Jesus again reaches back into the Old Testament, this time to Ps. 107:5, 9: “Hungry and thirsty, their soul fainted within them…Because He filled the thirsty soul and the hungry soul He filled with goodness.” Psalm 107 extols and proclaims the complete lovingkindness (חסד) of Yhwh. After a call to give thanks to Yhwh because of His everlasting lovingkindness (vv. 1-3), the psalmist goes on to present a consistent pattern throughout Israel’s history. He records four cycles (vv. 4-9; vv. 10-16; vv. 17-22; and vv. 23-32) of national rebellion, national repentance, divine restoration, and the response of proclaiming the wonders of Yhwh’s everlasting lovingkindness (vv. 4-32). The psalm concludes by considering the expanse of Yhwh’s sovereignty in connection to His lovingkindness (vv. 33-43) over the earth (vv. 33-38) and humanity (vv. 39-42). The final verse is a call to consider the implications of Yhwh s lovingkindness which should lead the reader back to the initial starting point, a position of praise and thanksgiving. For our purposes, we are interested in the stanza made up of vv. 4-9.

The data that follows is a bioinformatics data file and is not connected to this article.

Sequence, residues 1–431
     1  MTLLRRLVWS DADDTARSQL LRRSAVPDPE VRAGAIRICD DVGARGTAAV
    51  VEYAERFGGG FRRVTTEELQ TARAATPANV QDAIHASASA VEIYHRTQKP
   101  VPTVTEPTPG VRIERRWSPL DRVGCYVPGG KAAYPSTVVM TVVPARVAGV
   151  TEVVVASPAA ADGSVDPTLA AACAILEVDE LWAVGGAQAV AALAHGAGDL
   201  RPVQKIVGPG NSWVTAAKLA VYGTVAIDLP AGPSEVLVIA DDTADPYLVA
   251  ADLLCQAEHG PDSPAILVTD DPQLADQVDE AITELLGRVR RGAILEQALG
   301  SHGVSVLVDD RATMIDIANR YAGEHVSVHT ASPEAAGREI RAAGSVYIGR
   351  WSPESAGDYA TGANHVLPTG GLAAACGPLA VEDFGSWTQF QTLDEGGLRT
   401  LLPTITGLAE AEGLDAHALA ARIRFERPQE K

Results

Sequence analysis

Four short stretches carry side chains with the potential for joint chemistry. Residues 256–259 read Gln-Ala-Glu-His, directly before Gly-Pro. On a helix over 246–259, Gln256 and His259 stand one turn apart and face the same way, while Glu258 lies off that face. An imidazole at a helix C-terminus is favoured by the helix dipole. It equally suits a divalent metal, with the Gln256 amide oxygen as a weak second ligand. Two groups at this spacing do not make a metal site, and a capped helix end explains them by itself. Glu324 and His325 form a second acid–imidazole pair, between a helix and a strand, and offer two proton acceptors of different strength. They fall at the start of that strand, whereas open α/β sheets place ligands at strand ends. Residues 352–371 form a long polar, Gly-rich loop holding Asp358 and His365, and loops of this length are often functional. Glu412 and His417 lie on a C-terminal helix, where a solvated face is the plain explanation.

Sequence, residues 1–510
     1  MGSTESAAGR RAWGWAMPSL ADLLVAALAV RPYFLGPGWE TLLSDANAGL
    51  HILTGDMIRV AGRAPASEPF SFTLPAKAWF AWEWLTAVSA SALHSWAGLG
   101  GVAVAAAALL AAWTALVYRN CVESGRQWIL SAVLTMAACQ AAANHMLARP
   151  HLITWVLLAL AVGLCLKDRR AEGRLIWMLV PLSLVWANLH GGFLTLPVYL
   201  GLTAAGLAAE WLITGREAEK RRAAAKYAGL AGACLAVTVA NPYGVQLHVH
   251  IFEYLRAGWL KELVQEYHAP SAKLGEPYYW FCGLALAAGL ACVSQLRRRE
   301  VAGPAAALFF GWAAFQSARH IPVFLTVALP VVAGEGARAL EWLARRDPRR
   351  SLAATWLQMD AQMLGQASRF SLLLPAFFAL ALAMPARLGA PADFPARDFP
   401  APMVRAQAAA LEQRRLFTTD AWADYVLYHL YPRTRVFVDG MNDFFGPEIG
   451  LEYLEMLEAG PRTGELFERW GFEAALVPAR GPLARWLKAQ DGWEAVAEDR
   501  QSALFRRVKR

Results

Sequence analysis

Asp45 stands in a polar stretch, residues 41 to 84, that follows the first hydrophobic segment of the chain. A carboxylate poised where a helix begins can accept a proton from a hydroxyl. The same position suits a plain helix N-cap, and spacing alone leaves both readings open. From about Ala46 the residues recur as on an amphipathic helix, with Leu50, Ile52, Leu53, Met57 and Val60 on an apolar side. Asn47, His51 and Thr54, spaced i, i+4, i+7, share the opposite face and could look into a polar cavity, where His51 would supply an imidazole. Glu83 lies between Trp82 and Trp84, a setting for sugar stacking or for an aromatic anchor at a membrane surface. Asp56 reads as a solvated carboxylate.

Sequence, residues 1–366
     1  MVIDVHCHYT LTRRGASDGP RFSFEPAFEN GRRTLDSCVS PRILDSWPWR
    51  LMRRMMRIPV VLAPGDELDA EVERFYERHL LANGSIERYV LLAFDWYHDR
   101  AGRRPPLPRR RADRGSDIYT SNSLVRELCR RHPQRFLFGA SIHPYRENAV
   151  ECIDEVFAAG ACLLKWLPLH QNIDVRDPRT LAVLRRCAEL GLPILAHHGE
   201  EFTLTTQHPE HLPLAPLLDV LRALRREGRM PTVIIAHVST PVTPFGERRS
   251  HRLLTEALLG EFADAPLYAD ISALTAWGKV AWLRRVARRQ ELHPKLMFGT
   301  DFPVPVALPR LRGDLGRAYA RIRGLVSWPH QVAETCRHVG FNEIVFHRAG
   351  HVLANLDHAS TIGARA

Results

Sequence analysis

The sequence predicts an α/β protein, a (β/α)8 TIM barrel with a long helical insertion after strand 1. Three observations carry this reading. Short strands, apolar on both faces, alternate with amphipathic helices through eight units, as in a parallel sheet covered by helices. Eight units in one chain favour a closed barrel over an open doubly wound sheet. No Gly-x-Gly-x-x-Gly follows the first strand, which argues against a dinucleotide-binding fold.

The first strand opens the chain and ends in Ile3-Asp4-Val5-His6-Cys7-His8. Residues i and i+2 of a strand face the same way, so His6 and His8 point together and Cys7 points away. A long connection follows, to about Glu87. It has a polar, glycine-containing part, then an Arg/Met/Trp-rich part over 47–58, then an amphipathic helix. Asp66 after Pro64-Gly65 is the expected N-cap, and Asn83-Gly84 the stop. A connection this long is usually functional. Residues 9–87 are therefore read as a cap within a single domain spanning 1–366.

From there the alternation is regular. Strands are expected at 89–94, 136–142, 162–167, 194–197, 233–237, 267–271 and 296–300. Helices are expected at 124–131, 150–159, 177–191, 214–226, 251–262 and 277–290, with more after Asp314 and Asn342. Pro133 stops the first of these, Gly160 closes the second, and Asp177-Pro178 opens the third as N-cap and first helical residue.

Psalm 107:4-9 recounts the rebellion of Israel as they wandered in the wilderness. If they had been obedient, submissive, and humble before Yhwh, they would have been inside the Promised Land within a year. But because of their rebellion, they wandered in the wilderness for 4 decades. During this time, they quickly ran out of food and had no ability to procure water to sustain them (v. 5). So, they cried out to Yhwh (v. 6) and He delivered them. It is proper to give thanks to Yhwh for His lovingkindness because He satisfied their hunger. (v. 9).
The hunger and thirsting of Israel in the wilderness was not imaginary. They were in a place that was incapable of supporting a host half the size of Israel. There was no food and no water in the wilderness until God acted to sustain them to the point of filling them. Because God acted, there was no longer any who thirsted or hungered in Israel’s camp. He satisfied that need.